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The coming of age of women’s football


The coming of age of women’s football

The 2015 FIFA Women's World Cup was a turning point in women's football. Dr. Leszek Sibilski explores what made the event so special.

"Somewhere behind the athlete you've become and the hours of practice and the coaches who have pushed you is a little girl who fell in love with the game and never looked back … play for her." – Mia Hamm

On Sunday morning, 5 July 2015, one of the most beautiful cities in the world prepared to host the final match of the 2015 FIFA Women's World Cup. It is an event that has brought Vancouver, British Columbia one more time to centre stage in the global world of sport.

On that day, a golden haze from wildfires in the Northwest blanketed the Canadian Province of British Columbia and Vancouver. Probably, it was a reminder of the drought-laden US Women's National Team (USWNT) which had not won a World Cup Championship in 16 years. However, during the 90 minutes of play and strong finish that gave them a winning score of 5-2, the USWNT ended that drought within the boundaries of the football pitch, with a record third World Cup triumph. The seven goals scored made it the highest-scoring final in the history of the competition.

The win also drew an enthusiastic response from US President Barack Obama, who tweeted his congratulations to the victors:

FIFA is working very hard to promote the sport among females before the 2019 Women's World Cup in France with its "Live Your Goals" campaign that aims to increase the number of girls and women playing football worldwide. The football governing body has launched the first edition of its Female Leadership Development Programme – an initiative that will provide support to women across the globe who are looking to become future leaders in football.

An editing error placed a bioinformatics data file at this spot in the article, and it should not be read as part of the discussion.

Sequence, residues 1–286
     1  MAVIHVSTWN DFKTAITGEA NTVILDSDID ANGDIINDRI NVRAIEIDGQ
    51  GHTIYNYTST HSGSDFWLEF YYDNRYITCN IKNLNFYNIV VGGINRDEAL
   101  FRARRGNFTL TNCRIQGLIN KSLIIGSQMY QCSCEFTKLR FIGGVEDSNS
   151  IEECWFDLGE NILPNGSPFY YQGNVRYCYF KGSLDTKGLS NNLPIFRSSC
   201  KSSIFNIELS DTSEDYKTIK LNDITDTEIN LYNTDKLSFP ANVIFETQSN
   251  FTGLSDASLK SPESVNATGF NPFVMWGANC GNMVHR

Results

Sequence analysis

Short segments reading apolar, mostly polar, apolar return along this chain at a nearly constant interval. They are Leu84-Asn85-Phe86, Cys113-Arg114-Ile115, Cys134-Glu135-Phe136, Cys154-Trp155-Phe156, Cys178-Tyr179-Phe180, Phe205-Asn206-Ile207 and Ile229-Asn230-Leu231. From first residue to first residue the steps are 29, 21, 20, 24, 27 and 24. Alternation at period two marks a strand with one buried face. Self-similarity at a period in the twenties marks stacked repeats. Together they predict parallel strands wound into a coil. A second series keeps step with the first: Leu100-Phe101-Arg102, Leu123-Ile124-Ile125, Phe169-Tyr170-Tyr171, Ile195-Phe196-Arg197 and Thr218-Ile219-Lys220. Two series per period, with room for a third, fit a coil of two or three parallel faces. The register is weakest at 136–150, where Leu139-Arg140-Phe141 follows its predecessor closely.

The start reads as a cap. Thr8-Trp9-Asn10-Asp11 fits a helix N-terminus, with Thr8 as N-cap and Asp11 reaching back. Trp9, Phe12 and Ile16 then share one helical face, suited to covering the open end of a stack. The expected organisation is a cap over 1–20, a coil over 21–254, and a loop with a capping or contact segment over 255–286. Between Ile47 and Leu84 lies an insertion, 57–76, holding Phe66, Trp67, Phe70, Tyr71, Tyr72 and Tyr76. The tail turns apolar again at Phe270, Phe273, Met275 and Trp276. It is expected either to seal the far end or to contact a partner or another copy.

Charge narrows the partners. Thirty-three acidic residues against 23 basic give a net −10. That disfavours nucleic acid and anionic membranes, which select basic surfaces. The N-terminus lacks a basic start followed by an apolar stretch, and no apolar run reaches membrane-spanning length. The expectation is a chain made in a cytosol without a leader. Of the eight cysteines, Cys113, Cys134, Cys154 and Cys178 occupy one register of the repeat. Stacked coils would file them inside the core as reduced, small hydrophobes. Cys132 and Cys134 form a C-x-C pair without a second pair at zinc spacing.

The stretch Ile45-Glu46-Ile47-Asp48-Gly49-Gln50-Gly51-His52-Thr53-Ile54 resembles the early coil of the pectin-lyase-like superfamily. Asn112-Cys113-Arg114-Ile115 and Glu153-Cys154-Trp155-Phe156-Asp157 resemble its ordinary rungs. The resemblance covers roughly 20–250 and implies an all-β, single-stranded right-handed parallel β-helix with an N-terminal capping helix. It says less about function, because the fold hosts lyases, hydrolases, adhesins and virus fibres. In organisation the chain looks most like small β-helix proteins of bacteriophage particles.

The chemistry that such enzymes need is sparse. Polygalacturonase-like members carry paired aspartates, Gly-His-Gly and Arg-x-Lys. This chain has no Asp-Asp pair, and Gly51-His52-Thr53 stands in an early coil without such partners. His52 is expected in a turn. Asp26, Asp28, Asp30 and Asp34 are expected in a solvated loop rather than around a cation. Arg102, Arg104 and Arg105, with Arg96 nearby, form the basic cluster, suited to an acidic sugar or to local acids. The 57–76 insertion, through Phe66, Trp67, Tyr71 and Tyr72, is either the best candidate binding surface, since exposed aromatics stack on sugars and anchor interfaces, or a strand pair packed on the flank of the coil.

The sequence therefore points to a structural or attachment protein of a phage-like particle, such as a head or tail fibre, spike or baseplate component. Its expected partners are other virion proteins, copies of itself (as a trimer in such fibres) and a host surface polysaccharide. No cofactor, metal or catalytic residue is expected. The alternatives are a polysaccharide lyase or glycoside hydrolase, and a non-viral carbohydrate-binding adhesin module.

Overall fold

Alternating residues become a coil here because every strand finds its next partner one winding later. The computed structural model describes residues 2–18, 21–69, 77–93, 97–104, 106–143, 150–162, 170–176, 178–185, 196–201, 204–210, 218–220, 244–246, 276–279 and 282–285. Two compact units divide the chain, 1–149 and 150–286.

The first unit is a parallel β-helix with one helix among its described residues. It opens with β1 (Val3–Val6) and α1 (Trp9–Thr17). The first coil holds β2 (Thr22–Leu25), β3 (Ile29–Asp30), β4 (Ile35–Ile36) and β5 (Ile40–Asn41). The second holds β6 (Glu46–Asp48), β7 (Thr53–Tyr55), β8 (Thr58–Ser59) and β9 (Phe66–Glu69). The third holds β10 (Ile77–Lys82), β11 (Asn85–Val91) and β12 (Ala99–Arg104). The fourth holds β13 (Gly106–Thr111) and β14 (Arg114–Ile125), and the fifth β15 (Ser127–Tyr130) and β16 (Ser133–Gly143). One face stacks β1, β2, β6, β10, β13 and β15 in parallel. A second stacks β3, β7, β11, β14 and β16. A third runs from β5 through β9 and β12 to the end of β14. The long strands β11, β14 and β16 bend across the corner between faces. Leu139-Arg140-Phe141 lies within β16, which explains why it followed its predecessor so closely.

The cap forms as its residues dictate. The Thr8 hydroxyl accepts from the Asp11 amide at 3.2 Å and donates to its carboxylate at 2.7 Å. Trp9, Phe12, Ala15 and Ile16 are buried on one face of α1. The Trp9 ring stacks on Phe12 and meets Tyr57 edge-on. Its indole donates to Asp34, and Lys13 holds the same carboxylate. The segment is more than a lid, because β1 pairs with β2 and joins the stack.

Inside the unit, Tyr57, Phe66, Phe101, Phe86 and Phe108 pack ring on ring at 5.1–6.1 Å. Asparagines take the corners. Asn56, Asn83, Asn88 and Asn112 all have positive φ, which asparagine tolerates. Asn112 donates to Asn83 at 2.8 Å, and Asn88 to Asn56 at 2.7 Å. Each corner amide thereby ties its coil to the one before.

The programme is part of the commitment to the ten key development principles for women's football and follows on from the inaugural FIFA Women's Football and Leadership Conference held in March 2015. At that event experts from football, business and wider circle of society discussed ways to improve the representation of women in leadership.

Why was this event so special? This final match of the 2015 Women's World Cup has been recognised for its magnificence, fair play, and nail-biting soccer: the best of the beautiful game anyone could wish for. It was also an opportunity to observe where we, as a global society, are on the question of the sport's global development regarding the level playing field and international gender politics. The world was not watching 22 females kicking a ball; instead, the world was watching 22 athletes who wanted to win the match and the trophy of their dreams for their teams and for their countries.

Not for a moment was their effort perceived as being related to gender. The 53,341 spectators were deeply drawn into the match. With the overwhelming number of red-white-and-blue spectators, mostly young girls and their parents, much anticipation and hope rode high on the players' shoulders. Perhaps, intangibly speaking, these athletes pointed out to the world the direction and future development of global football.

Female athletes from all over the world have earned a well-deserved place in global sports through their passion and dedication. The beautiful game might also be a unique avenue for a different and new type of social, if not global, inclusion and equality for sport.

[This article has been edited by the Operating Team]


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Leszek Sibilski


Monday, January 25, 2016 - 23:00